The purpose of this lab is to get you to go into the lab, write a very simple program, run it and meet a TA.


Your program must print a greeting and then print a short song or poem of your choosing. My output looks like this:

Hello fabulous TA!

My wife wrote this limerick about me:

 To marry a man such as you
 would be like marrying into a zoo,
 Your face is too square,
 Your sense of humor too rare,

 and the smell of your body, p u!

Using Eclipse

You may find it difficult to use Eclipse, the java programming environment we will be using this semester. Eclipse is used by most Java programmers. It is a sophisticated tool with many features that will (eventually) make your life easier. Unfortunately, at the beginning, it can be overwhelming.

If you are brand new to Eclipse, it is strongly recommended that you follow the guide to making a small project in Eclipse. If you are going to work on your own computer, download “Eclipse IDE for Java Developers” from the Eclipse website.

Think before programming

For most students new to programming the biggest problem here will be getting over their own inertia, getting into the lab and trying! I strongly encourage you to just do it, do not put this off. It is not hard.

Before you begin any programming project, including even this first one, I encourage you to think about the things your program deals with. We will add more things to consider later, but for now we will worry about just two, one of which is trivial.

  1. Inputs
  2. Outputs

In this case there are no Inputs, other than running the program itself. The Output is the sequence of text you are trying to produce. A sequence of steps is the most basic kind of programming.

In addition to thinking about the program itself, you might also want to consider the purpose of this lab. Remember that it is intended to get those of you that are entirely new to programming use to the fact that this is something you can do, simple programs are simple. Many of you are also new to the university environment. This lab is also intended to help you realize that there are many resources here which you should use to help you succeed. There is a computer lab with computers all set up for your use (1119 TMCB) and there are Teaching Assistants who can help you.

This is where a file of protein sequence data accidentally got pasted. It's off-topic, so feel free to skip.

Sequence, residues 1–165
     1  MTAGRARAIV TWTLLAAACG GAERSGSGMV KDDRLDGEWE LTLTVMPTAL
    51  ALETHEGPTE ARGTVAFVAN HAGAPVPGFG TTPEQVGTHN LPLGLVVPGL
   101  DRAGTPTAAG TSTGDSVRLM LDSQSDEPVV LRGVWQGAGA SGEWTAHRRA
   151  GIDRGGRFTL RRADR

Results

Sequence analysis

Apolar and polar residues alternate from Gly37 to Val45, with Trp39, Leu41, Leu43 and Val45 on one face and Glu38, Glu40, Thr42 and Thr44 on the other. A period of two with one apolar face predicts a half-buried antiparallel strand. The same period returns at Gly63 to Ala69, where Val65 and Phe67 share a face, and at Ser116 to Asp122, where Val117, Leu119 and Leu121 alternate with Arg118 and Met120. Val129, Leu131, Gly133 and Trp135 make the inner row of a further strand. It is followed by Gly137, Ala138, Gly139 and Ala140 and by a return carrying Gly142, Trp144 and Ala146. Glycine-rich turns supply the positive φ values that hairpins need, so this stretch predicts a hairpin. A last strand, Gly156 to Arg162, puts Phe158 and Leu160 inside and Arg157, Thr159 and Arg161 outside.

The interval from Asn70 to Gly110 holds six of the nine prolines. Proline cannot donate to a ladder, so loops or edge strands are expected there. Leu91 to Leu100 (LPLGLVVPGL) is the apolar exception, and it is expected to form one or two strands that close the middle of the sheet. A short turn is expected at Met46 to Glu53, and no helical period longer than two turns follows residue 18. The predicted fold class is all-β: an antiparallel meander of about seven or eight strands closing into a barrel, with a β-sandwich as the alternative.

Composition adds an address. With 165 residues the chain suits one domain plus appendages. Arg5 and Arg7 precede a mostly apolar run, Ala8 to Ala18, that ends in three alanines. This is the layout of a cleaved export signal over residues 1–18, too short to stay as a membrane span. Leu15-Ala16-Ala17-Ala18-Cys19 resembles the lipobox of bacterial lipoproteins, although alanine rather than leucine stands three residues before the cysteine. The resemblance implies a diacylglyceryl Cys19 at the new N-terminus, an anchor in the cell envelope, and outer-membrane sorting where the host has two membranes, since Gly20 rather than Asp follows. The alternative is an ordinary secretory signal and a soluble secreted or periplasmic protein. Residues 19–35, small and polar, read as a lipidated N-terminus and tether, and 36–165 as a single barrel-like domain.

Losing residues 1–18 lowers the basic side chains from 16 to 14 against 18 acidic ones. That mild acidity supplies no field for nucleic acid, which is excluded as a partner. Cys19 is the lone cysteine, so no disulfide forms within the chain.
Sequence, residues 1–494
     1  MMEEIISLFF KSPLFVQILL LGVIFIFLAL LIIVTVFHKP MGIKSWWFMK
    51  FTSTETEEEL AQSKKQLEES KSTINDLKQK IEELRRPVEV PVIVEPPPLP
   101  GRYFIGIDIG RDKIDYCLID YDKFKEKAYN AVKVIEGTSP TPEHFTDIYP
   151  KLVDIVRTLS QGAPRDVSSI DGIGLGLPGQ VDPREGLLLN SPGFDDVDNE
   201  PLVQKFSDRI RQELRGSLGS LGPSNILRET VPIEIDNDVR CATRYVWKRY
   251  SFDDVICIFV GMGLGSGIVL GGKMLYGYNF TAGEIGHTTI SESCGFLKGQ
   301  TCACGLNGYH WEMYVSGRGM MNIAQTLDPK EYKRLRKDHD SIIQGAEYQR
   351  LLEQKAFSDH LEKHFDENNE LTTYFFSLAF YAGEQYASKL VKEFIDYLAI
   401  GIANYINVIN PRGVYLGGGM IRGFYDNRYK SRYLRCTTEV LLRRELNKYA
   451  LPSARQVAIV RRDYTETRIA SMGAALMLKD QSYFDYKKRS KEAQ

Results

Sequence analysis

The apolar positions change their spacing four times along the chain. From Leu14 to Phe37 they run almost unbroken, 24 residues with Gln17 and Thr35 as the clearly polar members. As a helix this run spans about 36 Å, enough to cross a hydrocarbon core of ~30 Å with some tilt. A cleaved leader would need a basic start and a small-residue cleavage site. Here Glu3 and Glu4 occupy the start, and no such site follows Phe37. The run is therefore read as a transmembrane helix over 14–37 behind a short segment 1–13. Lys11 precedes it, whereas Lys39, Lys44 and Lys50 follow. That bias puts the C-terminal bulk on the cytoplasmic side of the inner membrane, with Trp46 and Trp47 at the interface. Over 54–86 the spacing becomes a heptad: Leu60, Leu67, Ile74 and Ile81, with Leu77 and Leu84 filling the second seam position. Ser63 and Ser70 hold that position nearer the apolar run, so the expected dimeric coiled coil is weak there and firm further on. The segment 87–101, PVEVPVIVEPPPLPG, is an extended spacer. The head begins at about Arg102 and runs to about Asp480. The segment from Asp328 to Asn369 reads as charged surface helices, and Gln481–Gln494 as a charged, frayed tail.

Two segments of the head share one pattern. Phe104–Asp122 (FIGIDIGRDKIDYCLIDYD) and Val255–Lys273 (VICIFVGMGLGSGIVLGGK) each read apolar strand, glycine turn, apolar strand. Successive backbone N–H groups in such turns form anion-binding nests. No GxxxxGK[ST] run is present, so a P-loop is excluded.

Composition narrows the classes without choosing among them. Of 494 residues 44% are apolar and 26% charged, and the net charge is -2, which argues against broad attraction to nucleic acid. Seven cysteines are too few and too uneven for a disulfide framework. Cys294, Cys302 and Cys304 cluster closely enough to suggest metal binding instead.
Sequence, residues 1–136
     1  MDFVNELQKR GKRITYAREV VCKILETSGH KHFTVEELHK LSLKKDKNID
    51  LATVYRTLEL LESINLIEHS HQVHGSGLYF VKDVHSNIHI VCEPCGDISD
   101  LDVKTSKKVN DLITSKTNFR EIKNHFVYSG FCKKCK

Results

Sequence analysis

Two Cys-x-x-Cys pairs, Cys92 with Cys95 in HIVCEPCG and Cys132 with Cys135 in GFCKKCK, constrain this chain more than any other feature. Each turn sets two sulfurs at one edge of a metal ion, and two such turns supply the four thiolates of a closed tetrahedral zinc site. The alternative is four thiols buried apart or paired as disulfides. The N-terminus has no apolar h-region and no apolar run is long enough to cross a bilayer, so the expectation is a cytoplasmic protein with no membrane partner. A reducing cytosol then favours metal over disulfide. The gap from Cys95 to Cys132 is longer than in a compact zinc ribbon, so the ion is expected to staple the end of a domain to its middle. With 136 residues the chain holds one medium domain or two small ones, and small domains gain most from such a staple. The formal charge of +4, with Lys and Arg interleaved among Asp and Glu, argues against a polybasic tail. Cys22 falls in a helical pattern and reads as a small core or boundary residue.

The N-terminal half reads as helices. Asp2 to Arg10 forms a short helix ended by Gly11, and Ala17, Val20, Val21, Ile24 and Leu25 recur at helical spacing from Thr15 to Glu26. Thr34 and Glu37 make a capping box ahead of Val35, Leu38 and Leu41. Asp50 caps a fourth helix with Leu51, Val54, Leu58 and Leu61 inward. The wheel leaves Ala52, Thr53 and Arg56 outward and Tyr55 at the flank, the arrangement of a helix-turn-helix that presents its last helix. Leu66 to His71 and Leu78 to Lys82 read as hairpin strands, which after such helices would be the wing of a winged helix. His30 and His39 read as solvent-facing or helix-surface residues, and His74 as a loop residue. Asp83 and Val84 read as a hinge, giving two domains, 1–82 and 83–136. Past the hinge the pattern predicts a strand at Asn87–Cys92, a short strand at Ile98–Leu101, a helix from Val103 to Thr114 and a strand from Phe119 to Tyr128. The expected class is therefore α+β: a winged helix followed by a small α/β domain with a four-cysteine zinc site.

Getting Help

If you get stuck:

  1. First try to google your question. Chances are really good someone has had your problem before.
  2. Second ask the person sitting next to you. They'll feel good helping you and if they don't know you will learn together!
  3. As a last resort if you need help from a TA (and you are working in the lab), please use the help request queue:


The TA's love to help, but you will gain much more in learning how to solve your problems on your own!

I need more than this

Some of you have already done some programming. I still need you to get used to the computer labs, Eclipse, the TA's and the pass off process. If you want a little more to think about and 5% extra credit, think about the double quote symbol that appears in the hello java program I wrote in making a small project in Eclipse. What if I wanted a double quote symbol to appear in the output? Can I just put it in along with the other characters I want printed out? Try it, you will find that java does not like that! It uses the double quote symbol to identify the beginning and ending of text that is to be printed verbatim. You could put two single quotes next to each other, but that is not the same. I really want one (or more) double quote symbols. You can read ahead to find the answer, it is explained in chapter 2.

Pass-off procedure

When you have your program working, you will need to show it to a TA.

Put yourself in the help request queue to pass off: http://aml.cs.byu.edu/~kseppi/cs142help.html. (Disregard the stated number of people ahead of you…the number is incorrect.)

The TA will evaluate your code based on the following criteria:

  1. Did you print anything at all? (7 points)
  2. Did you print out text on separate lines in some reasonable way? (6 points)
  3. Did you format your code as shown in the book and in class, with separate lines and indenting. (6 points)
  4. Did you find your own poem! (1 point)

Extra credit: Did you find out how to print out a double quote and demonstrate it in your program? (1 point)

cs-142/fall-2010/labs/hello-ta.txt · Last modified: 2014/11/19 15:48 by ryancha
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